We are a small hobby farm located in Burke County in the beautful state of Georgia. We raise Buff Orpingtons and Serama. We also have a Quarter horse and 3 paint horses. A few barn kitties, a brittany and 2 min pins.
This weekend we started building the goats new pasture area. We are trying to build it a little at a time so we don't have to deal with the costs all at once. The area we fenced in this weekend comes to 1,536 sq ft., it's an enclosure of 32x48. We eventually want to fence in the entire area all the way up to the road for the girls, but will be doing it every few weeks until it is completed.
What we have done is used 6x6 square posts for the corners and to support the gate. We used 4x4 8ft long posts every 8ft to support the panels. The posts are all close to 2 ft in the ground and the hubs is going to cut them all off even to make it look nice. We used the cattle/hog panels for the actual fencing. We chose this type of fencing because goats are known to be difficult to keep penned up and this seems to be the best thing for keeping them in. I have a very young son so electic fencing was not an option and any of the other wire type fencing they seem to damage really easy, by either rubbing on it or standing on it and making it sag and loosen. This may be a little more expensive than the others but we feel it will last much longer and we thing it looks nicer as well. The panels we have are 16ft long and approximately 4.5 ft tall.
We used the wooden posts to hold the fence but along the back we used T-posts because that area is not going to be there permanently, we will be adding to the fence to make it eventually go all the way to the road so we didn't want to waste wood posts in an area that won't be there forever. The T-post do a great job at holding the fence up and you could build a fence using them but they don't look as nice so we only plan to use them during the construction phase.
Even though this is our "after" photo, this fence is not yet complete. We will be extending it further toward the road, we still need to cut the posts down so they are flush with the fencing and we will also be adding a wood board along the top and possibly the bottom of the panels to give a more finished and polished look to the whole thing.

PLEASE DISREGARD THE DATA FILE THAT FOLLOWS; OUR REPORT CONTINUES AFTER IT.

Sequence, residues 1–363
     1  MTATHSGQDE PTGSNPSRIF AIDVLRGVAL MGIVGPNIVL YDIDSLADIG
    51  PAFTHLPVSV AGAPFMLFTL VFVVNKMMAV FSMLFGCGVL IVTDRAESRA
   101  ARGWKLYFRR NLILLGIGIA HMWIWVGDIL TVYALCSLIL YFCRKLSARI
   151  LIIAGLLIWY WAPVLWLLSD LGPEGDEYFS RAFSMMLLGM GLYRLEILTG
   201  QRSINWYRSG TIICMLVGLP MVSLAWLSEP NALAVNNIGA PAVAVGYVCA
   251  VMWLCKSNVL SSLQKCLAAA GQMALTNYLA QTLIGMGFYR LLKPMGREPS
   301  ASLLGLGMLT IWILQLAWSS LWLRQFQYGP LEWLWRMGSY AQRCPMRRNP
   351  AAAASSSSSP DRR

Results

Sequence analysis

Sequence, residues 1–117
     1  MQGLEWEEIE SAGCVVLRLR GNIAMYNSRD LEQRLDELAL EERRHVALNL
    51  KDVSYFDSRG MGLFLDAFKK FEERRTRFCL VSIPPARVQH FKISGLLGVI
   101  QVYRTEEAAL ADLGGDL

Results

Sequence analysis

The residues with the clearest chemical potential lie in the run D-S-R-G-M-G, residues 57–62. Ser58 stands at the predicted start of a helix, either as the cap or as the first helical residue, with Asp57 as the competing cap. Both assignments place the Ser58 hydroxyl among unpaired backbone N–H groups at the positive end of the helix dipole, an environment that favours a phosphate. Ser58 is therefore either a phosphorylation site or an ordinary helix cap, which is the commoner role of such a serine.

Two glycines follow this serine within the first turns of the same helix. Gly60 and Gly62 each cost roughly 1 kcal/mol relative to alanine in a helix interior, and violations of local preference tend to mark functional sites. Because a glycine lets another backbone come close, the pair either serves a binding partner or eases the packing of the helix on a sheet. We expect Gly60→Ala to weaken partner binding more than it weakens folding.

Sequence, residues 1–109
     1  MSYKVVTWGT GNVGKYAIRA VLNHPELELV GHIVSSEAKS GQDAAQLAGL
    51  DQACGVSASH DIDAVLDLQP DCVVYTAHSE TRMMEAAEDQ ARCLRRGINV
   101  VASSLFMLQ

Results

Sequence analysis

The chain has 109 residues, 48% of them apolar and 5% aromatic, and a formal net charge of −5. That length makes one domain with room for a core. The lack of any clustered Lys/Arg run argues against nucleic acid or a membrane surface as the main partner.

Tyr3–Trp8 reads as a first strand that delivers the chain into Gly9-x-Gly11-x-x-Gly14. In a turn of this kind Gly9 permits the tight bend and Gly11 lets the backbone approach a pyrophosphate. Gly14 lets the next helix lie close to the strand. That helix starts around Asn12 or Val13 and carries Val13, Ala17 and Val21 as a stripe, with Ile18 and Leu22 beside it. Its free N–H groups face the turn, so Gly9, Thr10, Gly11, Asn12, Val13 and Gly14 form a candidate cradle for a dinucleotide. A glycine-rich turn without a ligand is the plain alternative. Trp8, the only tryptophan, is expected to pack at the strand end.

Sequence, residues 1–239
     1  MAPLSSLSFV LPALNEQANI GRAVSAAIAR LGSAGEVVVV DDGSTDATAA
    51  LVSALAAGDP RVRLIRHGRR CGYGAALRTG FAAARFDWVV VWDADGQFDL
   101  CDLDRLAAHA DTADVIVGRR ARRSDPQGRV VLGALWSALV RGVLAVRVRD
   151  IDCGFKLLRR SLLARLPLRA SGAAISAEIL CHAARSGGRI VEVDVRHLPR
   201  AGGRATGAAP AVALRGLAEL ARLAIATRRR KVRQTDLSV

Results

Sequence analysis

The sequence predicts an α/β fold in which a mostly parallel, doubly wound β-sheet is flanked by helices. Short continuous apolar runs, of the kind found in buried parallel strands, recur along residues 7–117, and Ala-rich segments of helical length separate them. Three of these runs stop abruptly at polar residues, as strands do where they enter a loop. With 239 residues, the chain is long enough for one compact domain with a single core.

We still haven't decided exactly where or how we want to do the goat barn, so for now the girls have a large wooden house to sleep in and get out of the elements. They love to nap on top of it though. I also have their hay bag and their mineral block out there for now. And I am hoping to go some time this week and get some things for them to jump up on because I know how much they love to climb.
Our Trailer full of supplies.
For this project we used:
4x4 posts every 8 ft
6x6 posts for the corners and gate
16ft cattle panels
U shaped fencing nails
String to keep the fence straight
A level to get the poles straight
Post hole diggers and a shovel
Helping daddy pack the dirt in the holes around the posts.
I just picked my doe Lori up this Saturday from being bred. I had a chance to take a few photos of her Romeo to share with yall. His name is actually LEVI, but I don't know what his registered name is, gotta check with his owner on that to be sure I get it right. But he is a very sweet buck, his young handler was showing us his tricks on the obstacle course, it was very cute, he followed her anywhere she went. It was quit entertaining watching him take those jumps, it will really remind you of a deer and was just very cute to see.